a theory

a theory

A theory not only explains known facts; it also allows scientists to make predictions of what they should observe if a theory is true. Scientific theories are testable. New evidence should be compatible with a theory. If it isn’t, the theory is refined or rejected. The longer the central elements of a theory hold–the more observations it predicts, the more tests it passes, the more facts it explains–the stronger the theory.
But for scientists, a theory has nearly the opposite meaning. A theory is a well-substantiated explanation of an aspect of the natural world that can incorporate laws, hypotheses and facts. The theory of gravitation, for instance, explains why apples fall from trees and astronauts float in space. Similarly, the theory of evolution explains why so many plants and animals–some very similar and some very different–exist on Earth now and in the past, as revealed by the fossil record.

What is the purpose of business? While most agree that business minimally involves the creation of value, a blurred double image of value haunts our discussion of purpose. The image of what counts as value for a single firm is laid atop an image of what counts as value for business in general. These two images cannot match. Indeed, the resulting conceptual blurriness is a classic example of a composition fallacy. We should never mistake the properties of a part for the properties of the whole. A theory of the firm is ill equipped to handle the many expectations we hold for business practice. As such, we seek to establish the beginnings of a theory of business, one that is both empirical and normative. Offering four central propositions about the purpose, accountability, control and success of business, we close with a consideration of several important theoretical issues and practical opportunities that await us in the years ahead.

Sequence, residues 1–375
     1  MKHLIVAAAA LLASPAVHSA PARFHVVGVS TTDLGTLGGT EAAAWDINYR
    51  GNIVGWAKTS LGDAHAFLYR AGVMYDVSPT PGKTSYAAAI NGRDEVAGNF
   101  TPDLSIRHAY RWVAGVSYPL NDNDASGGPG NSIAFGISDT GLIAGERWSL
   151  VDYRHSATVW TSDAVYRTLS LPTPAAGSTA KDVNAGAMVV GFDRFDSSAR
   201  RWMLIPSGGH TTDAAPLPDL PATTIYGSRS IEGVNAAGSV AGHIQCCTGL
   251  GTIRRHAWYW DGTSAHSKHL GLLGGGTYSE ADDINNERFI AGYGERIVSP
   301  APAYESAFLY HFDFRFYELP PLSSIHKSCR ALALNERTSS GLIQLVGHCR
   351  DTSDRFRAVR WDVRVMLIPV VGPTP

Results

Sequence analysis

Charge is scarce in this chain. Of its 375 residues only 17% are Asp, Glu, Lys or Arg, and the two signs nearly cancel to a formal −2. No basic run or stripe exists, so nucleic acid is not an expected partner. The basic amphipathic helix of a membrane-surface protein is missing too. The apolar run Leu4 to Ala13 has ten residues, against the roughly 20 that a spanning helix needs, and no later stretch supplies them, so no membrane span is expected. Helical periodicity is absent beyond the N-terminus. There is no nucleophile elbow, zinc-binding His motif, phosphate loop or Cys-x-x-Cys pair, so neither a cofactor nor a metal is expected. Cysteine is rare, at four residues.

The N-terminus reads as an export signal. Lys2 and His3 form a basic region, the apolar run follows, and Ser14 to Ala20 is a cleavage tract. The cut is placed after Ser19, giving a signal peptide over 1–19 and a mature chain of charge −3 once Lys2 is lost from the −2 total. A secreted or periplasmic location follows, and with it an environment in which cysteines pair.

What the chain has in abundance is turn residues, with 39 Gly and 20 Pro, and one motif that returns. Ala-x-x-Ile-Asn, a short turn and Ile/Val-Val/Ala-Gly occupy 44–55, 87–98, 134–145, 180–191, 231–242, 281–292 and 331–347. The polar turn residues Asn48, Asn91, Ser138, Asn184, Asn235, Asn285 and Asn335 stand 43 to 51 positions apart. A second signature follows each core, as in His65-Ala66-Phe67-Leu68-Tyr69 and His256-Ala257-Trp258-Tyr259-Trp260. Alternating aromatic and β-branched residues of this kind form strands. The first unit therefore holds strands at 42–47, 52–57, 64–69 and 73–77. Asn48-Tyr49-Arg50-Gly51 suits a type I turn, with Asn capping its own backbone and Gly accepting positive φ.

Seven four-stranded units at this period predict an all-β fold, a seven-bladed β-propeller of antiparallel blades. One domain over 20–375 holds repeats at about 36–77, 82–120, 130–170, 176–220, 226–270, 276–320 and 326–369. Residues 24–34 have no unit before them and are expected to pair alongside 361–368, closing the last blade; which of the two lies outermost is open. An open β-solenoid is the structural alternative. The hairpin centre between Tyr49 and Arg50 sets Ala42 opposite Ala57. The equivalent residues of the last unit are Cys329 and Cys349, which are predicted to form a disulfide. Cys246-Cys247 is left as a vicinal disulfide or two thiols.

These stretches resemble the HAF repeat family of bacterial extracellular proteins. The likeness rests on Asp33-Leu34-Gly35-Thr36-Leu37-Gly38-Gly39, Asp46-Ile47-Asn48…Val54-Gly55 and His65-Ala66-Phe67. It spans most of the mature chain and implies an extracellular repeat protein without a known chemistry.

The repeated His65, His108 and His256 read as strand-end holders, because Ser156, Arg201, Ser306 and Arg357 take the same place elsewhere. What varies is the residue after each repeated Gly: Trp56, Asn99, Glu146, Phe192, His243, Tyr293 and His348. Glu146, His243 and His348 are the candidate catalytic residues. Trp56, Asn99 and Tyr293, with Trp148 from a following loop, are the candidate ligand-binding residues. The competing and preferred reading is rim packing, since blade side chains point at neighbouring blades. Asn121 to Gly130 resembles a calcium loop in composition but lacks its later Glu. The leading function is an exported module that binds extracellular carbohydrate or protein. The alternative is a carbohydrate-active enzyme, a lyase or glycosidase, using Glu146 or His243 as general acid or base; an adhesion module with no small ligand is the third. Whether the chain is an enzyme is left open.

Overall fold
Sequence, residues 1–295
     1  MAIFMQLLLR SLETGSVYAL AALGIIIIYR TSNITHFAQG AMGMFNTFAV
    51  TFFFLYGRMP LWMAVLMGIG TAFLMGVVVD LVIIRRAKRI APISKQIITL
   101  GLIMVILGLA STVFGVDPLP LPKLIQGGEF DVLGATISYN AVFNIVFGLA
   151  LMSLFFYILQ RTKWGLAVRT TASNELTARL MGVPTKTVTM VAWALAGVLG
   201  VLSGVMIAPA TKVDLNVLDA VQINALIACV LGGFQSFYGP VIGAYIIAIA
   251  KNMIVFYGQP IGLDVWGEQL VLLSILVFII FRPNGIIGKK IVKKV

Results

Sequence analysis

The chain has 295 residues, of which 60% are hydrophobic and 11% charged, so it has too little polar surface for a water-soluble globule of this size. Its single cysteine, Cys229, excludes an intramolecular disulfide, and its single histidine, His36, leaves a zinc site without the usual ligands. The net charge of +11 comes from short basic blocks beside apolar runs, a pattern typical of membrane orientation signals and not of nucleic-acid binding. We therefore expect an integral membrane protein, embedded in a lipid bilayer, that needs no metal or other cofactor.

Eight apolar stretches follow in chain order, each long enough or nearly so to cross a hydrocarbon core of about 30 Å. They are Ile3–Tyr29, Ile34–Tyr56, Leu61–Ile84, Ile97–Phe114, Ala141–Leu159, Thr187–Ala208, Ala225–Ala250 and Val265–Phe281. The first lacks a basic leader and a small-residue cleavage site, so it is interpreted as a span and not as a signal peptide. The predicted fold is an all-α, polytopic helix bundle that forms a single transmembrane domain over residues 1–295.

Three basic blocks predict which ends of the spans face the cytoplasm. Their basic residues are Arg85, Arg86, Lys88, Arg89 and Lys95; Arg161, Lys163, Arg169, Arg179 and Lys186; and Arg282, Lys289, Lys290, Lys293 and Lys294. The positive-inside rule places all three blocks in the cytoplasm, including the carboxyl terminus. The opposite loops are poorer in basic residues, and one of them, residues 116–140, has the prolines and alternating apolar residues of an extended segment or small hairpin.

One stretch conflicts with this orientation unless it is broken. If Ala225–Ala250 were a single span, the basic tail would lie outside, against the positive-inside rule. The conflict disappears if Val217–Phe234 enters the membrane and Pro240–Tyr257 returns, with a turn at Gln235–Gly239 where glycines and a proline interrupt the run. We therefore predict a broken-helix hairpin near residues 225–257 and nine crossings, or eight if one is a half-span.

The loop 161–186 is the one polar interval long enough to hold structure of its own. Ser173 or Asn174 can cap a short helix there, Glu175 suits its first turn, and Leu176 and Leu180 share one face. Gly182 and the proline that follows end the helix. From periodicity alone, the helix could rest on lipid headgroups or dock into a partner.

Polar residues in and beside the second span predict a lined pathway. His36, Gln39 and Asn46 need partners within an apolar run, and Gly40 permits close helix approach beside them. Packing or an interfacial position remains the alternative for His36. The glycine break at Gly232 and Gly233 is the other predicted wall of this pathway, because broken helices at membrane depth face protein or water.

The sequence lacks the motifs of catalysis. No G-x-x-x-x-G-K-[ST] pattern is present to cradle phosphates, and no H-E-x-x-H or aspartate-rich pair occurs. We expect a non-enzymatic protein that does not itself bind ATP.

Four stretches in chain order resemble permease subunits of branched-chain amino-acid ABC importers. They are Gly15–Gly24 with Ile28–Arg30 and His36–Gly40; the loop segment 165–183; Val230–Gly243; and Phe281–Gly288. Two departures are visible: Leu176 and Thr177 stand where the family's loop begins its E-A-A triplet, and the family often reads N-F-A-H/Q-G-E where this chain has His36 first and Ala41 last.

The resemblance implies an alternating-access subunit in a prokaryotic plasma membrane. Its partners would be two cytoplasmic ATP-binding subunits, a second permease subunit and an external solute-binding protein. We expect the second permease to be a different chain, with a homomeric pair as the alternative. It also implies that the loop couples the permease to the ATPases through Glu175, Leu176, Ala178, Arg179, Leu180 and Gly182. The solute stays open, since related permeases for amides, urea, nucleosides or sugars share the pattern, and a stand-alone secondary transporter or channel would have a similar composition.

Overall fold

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This paper proposes a decision-theoretic framework for experiment design. We model experimenters as ambiguity-averse decision-makers, who make trade-offs between subjective expected performance and robustness. This framework accounts for experimenters’ preference for randomization, and clarifies the circumstances in which randomization is optimal: when the available sample size is large enough or robustness is an important concern. We illustrate the practical value of such a framework by studying the issue of rerandomization. Rerandomization creates a trade-off between subjective performance and robustness. However, robustness loss grows very slowly with the number of times one randomizes. This argues for rerandomizing in most environments.

University of DelawareUniversity of Cincinnati
University of DelawareUniversity of Cincinnati